• Potential topics to discuss: Jobs whose hours made it hard to join an extracurricular, regularly watching your siblings, chores you needed to complete each day that made it difficult to stay after school, not having access to transportation needed for extracurriculars.

  • Topics to avoid: Anything unrelated to a job or family obligation. For example, don't discuss being really busy with classes as a reason. Also, don't include things that would be considered regular chores or family obligations for a teenager to have. Washing the dishes every night likely doesn't prevent you from playing a sport. For whatever you do include, don't turn it into a rant or whine about the work you did. That's not a good look to colleges. Just state what prevented you from joining extracurriculars, without adding additional commentary. Additionally, if you had a job or family obligation but were still able to participate in as many extracurriculars as you wanted, leave this prompt blank (and congrats on balancing everything!). This prompt is only for things that actually limited your extracurriculars.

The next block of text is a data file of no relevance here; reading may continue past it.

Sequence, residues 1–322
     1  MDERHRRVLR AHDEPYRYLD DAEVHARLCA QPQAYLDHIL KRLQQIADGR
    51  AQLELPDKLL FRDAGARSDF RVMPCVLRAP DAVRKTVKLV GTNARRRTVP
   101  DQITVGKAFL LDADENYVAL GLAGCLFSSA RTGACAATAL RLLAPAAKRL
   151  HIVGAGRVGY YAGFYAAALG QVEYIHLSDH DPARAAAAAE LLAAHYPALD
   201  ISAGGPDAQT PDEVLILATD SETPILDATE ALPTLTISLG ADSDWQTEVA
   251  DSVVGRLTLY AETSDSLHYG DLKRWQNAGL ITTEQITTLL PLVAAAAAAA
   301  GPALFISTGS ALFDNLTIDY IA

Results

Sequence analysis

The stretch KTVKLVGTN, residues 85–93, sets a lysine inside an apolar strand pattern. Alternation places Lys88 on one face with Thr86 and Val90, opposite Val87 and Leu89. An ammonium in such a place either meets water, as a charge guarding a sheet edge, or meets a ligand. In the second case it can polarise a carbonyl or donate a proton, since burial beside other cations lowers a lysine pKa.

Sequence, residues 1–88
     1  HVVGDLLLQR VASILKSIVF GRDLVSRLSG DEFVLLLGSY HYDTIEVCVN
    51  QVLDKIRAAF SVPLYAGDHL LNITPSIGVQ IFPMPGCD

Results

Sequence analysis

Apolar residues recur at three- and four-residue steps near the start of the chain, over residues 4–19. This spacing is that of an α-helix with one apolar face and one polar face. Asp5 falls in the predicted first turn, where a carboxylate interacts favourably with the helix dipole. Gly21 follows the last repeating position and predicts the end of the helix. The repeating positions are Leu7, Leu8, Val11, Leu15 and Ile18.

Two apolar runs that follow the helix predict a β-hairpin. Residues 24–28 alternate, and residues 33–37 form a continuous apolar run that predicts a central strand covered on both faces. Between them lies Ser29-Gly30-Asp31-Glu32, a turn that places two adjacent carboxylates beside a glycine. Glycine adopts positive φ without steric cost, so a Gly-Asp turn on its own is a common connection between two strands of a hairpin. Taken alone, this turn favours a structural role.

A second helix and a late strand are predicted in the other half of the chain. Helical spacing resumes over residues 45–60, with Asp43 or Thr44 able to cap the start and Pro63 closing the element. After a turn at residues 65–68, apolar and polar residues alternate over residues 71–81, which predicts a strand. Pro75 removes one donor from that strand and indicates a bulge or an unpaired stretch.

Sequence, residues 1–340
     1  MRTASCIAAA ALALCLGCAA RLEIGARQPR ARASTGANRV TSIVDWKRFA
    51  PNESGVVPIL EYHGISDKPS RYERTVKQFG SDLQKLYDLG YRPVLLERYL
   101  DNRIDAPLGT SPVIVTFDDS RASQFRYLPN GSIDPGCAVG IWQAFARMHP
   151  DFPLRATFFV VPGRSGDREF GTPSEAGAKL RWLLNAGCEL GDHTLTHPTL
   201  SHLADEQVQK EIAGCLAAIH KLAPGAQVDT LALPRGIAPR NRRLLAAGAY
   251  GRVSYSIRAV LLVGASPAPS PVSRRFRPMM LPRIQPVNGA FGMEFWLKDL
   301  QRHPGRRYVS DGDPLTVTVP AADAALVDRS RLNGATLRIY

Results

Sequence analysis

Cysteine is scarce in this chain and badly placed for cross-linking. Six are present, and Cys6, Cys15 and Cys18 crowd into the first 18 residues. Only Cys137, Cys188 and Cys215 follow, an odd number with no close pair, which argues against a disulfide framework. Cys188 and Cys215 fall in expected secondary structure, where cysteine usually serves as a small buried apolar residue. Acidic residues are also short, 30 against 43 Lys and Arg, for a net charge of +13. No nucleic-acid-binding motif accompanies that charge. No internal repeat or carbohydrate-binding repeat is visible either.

• Example: "I'm in charge of watching my two younger siblings from 3:30pm until my parents get home at 7pm. This prevented me from joining sports and extracurriculars that meet after school."

 

Prompt 4

List any programs or activities that helped you prepare for higher education, such as University Outreach, Talent Search, Upward Bound, etc.

  • What the prompt is asking for: The programs listed are all primarily aimed at helping students from disadvantaged backgrounds prepare for college and higher education. UF wants to know if you participated in any of them.

  • Why UF is interested: Participating in one of these programs can show you're committed to attending college and are developing the skills you need to succeed there.